In 1939, when I was around seven years old, my father was the manager of Mysore Silk Filatures, and posted at T. Narasipur, a small town in what was then the Princely State of Mysore. I was studying in a primary school.
T. Narasipur was a place where the rivers Cauvery and Kapila joined. It was considered as the Sangam (confluence) of three rivers including the legendary invisible Spatica Sarovara, just like the Triveni Sangam of three rivers Ganga, Yamuna and underground stream Saraswathi at Allahabad. At Allahabad, the Kumbh mela festival is observed once in 12 years, with lakhs of people taking a ceremonial bath on the auspicious day. No such ritual was observed at Sangam in T. Narasipur till recently. What I remember about two rivers is that while the Cauvery was sparkling, at the place where Kapila joined we could see a clear line of demarcation and, in comparison, the Kapila's waters were darkish.
My siblings and looked forward to the weekly Santhe (market) and seeing the wares spread out. Particularly, the jackfruit was a perennial attraction for us. We would wend through the men squatting and purchase kadlepuri.
Another attraction was attending plays staged by the Manjunatha Nataka Mandali to which my father used to herd us late in the night. Since my father was the big man for the place, he used to get the royal treatment, and we would all occupy front cushioned seats. The drama would start late in the night and end early morning.
We saw many plays, both historical and social. The abiding impression is Vasantha sena, Krishna Leela, Subhadra Parinaya. In Krishna Leela Gangadhrarayaru used to play that of Kamsa and in Subhadra Parinaya, Murarachar used to play the part of Subhadra so realistically that nobody would suspect it was male actor. I still recall the part played by Ramachandrachar in Vasatha Sena as vidhushaka and as Sudhama. Being a small place, Rama Mandira was the place visited by most of the people during evenings and my father used to take us regularly for the evening puja.
I remember that a cheery soul called Majid and his family lived in front of our house. During the mango season, he used to get lot of mangoes, and father used to buy it from him in bulk.
After the mangoes were fit for eating, my father used to gather all of us around him and the ritual of peeling the mango would start. He was an expert in peeling the skin in thin slivers with the knife in one continuous peel. After the full fruit was exposed with its glistening appearance making us salivate at the prospect of eating, he would show the skin like a magician dangling it like a speckled serpent holding it high from the end of the knife hanging down while in his left hand he held the juicy fruit. While we all sat transfixed watching his deft handiwork, he would cut the fruit into big pieces and would pop up major portion to his mouth and give each one of us a small piece! This would go on from one fruit after the other. At the end, we would all be given the clean-shaven goratu (seed/core) shaven clean to suck what was left of it!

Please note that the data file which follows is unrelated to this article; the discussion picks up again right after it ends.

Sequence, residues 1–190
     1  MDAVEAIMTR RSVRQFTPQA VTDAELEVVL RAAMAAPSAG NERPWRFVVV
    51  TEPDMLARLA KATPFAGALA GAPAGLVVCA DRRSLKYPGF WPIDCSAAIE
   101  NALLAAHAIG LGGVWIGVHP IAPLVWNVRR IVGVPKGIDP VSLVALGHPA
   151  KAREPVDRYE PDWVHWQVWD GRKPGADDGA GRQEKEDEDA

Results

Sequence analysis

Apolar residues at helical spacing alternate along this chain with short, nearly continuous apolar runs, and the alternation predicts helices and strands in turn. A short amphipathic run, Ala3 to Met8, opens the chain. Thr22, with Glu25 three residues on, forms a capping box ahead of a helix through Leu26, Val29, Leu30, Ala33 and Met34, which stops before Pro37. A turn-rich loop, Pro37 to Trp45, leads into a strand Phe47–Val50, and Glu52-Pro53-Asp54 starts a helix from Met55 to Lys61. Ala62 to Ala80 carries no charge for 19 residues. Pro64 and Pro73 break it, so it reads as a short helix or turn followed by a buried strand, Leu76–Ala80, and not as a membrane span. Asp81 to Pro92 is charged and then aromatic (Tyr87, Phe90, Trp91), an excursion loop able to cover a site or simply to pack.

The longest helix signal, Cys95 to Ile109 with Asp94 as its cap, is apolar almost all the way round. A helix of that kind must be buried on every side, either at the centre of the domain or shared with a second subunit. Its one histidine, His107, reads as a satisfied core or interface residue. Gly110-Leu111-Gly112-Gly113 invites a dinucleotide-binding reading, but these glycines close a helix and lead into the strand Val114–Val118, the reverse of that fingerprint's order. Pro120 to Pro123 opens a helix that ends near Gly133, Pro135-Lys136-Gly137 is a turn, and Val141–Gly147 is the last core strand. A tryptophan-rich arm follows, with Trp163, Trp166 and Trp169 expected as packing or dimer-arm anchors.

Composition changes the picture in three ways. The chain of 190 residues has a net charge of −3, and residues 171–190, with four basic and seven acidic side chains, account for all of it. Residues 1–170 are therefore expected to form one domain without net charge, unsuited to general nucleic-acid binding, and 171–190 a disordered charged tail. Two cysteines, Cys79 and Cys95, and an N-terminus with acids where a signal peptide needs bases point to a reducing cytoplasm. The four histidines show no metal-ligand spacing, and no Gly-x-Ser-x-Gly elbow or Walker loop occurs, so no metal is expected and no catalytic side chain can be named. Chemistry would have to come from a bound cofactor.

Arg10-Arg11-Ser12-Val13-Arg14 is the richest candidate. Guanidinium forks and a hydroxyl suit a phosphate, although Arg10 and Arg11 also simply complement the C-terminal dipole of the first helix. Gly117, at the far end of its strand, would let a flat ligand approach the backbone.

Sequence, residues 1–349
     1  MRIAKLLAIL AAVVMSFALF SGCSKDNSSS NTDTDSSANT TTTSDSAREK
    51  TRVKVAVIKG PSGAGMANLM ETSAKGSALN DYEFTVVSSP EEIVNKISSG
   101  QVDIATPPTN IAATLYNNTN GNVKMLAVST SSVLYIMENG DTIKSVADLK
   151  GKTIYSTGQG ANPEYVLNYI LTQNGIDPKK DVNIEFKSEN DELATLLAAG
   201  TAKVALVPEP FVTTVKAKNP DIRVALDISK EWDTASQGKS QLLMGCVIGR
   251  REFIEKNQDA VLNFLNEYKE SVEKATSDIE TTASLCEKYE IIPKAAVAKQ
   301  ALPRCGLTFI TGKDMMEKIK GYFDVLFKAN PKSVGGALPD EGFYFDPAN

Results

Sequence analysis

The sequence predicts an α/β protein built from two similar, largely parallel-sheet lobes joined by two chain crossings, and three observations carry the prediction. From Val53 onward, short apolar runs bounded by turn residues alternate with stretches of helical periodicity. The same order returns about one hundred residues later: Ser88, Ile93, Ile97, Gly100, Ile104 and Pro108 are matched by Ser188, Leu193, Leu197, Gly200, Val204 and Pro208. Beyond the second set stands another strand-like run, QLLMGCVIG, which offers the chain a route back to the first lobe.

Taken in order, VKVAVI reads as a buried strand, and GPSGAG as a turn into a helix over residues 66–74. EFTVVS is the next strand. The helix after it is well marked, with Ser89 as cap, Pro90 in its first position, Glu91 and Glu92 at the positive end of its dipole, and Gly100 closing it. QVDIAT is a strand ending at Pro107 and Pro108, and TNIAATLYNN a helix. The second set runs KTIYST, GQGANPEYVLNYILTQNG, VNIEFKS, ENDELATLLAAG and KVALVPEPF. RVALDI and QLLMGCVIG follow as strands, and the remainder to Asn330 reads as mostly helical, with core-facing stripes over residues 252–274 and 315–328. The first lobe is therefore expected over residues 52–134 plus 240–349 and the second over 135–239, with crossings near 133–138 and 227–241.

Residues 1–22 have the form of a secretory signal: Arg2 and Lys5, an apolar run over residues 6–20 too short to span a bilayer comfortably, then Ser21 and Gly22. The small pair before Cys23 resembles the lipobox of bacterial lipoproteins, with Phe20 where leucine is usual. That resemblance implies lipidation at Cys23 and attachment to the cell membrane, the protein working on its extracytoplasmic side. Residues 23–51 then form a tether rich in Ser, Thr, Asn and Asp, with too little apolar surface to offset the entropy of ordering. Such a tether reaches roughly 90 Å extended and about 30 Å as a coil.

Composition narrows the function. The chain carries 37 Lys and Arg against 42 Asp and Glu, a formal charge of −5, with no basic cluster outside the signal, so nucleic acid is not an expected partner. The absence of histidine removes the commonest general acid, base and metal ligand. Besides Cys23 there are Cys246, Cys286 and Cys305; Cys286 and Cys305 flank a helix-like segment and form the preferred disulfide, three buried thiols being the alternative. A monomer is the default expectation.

Probably, this is the one weakness of his eating habit, apart from his fame as a Durvasa (Sage Durvasa appears in Mahabharata and known for his fiery temper) that has not left him. I should know it for I received terrible beatings from him. My mother and aunt were my protectors, interceding with him to spare me from further beatings. Even at his advanced age, I can see the flashes of his fiery temper. (Editor's note: An account of his father's life is presented at Ramanna, 105, "Not out".)
In those days, there was no electricity in T. Narasipur. Life was simple. On every Saturday evening, we used to join for bhajans, and I took a prominent part in singing them.
Something miraculous that happened is green in memory. I was around 10 year old, while my younger brother was 7 years. He was lying sick with typhoid on a bed on the floor of a room. There was no luxury of a cot for lower middle class people like us. The room had very high ceiling of Mangalore tiles. It was an extremely stormy night, raining cats and dogs with thunder and lightning. I do not know what possessed me. On an impulse, I just lifted the frail body of my brother in both hands, took him to an adjacent room, and placed him on the bed. Next moment tiles from the high ceiling just fell on the bed in the other room! After some time, I again lifted my brother, and put him in the drawing room. Believe it or not, the tiles fell on the bed in the second room also. My brother was safe. I can only say it is providence that helped. Or call it a miracle if you will.
In those days, Mysore city was a glorious place. It was the seat of the government ruled by Maharajas who were responsive to the needs of the people living in the Princely State of Mysore. Mysore city was a place of grand parks, wide avenues with well-maintained drainage ditches built of stone masonry, tree lined boulevard and generally full of greenery.